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S Jaishankar Explains Why Force Deployment On LAC With China Abnormal

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S Jaishankar speaks during the release of the Bangla translation of his book ‘Why Bharat Matters’

Kolkata:

External Affairs Minister S Jaishankar on Tuesday said that the deployment of forces at the Line of Actual Control (LAC) with China is “abnormal” and the security of the country should not be disregarded.

At an event organised by the Indian Chamber of Commerce (ICC) here, Mr Jaishankar said India responded to the Galwan clash by counter-deployment of forces there.

“After 1962, Rajiv Gandhi went to China in 1988 in many ways that were the key step towards normalising the ties (with China)… there was a clear understanding that we will discuss our boundary differences but we will maintain peace and tranquillity on the border. And the rest of the relationship will carry on,” he said.

Since then, it has been the basis of the relationship with China, he said.

“What changed now is what happened in 2020. In 2020, the Chinese, in violation of multiple agreements, brought a large number of forces to our border and they did it at the time when we were under COVID lockdown,” he said.

A total of 20 Indian soldiers were killed in action in the Galwan Valley clash, regarded as the worst in over four decades at the India-China border.

Mr Jaishankar said “India responded by counter deployment of forces” and for four years now, forces have been deployed ahead of the normal base positions at Galwan.

“This is a very abnormal deployment along the LAC. Given the tension between the two countries… As Indian citizens, none of us should disregard the security of the country… it is today a challenge,” he said.

There is also an economic challenge, he said, which is due to “neglect of the manufacturing and infrastructure sectors in the previous years”.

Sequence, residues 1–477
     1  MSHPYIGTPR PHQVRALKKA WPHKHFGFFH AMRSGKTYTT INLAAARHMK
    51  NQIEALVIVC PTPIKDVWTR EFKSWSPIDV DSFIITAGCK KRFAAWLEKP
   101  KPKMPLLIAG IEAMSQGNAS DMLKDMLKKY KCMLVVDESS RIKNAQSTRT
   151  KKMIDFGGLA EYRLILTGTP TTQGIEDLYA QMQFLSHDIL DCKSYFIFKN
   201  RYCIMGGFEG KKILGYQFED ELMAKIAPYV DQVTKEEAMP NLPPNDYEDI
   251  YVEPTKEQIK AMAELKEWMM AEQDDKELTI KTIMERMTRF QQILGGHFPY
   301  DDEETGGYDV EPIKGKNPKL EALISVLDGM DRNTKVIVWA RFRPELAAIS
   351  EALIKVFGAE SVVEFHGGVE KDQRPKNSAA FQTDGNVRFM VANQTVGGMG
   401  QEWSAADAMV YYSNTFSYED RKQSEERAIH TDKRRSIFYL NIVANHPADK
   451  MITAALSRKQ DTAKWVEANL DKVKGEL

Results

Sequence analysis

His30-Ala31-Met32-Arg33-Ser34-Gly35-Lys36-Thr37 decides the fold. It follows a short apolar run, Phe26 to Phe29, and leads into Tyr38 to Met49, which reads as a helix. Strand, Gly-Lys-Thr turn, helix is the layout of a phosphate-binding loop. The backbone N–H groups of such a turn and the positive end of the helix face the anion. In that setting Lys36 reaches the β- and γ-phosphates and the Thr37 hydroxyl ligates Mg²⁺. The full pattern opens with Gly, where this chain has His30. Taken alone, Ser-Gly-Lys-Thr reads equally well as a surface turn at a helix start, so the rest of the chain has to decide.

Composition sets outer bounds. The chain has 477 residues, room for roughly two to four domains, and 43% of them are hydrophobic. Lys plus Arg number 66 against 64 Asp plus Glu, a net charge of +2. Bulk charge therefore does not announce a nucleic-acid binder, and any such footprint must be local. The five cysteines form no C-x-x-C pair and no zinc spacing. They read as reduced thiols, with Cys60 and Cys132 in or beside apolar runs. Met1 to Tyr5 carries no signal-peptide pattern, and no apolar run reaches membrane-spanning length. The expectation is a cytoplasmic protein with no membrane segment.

“Why is Indian business buying so much from China… Is it good to be dependent on some other source?” he asked.

Mr Jaishankar said there is a big economic security debate in the world.

“Countries feel today that many core businesses must stay within the country. The supply chain should be shorter and reliable… In the sensitive sectors, we will be careful… There is a national security obligation,” he said.

Regarding Russia, the External Affairs Minister said India’s relations with Russia had been positive.

There is also an economic factor as Russia is endowed with natural resources such as oil, coal and metals of various kinds that India can obtain, Mr Jaishankar said.

He said what the country achieved in the past 10 years is extremely commendable, with the GDP poised to touch $5 trillion in the next few years.

Proper focus was not given to manufacturing and infrastructure sectors earlier, and the erstwhile licence and permit Raj had created hostility to growth, he said.

“Many states including this one (West Bengal), there had been a culture of hostility to growth while job creation has become a challenge,” Mr Jaishankar said.

Mr Jaishankar said, “Today, the economic growth rate is a source of hope for all. India has returned to a high growth path and emphasis has been given to building infrastructure and revival of manufacturing”.



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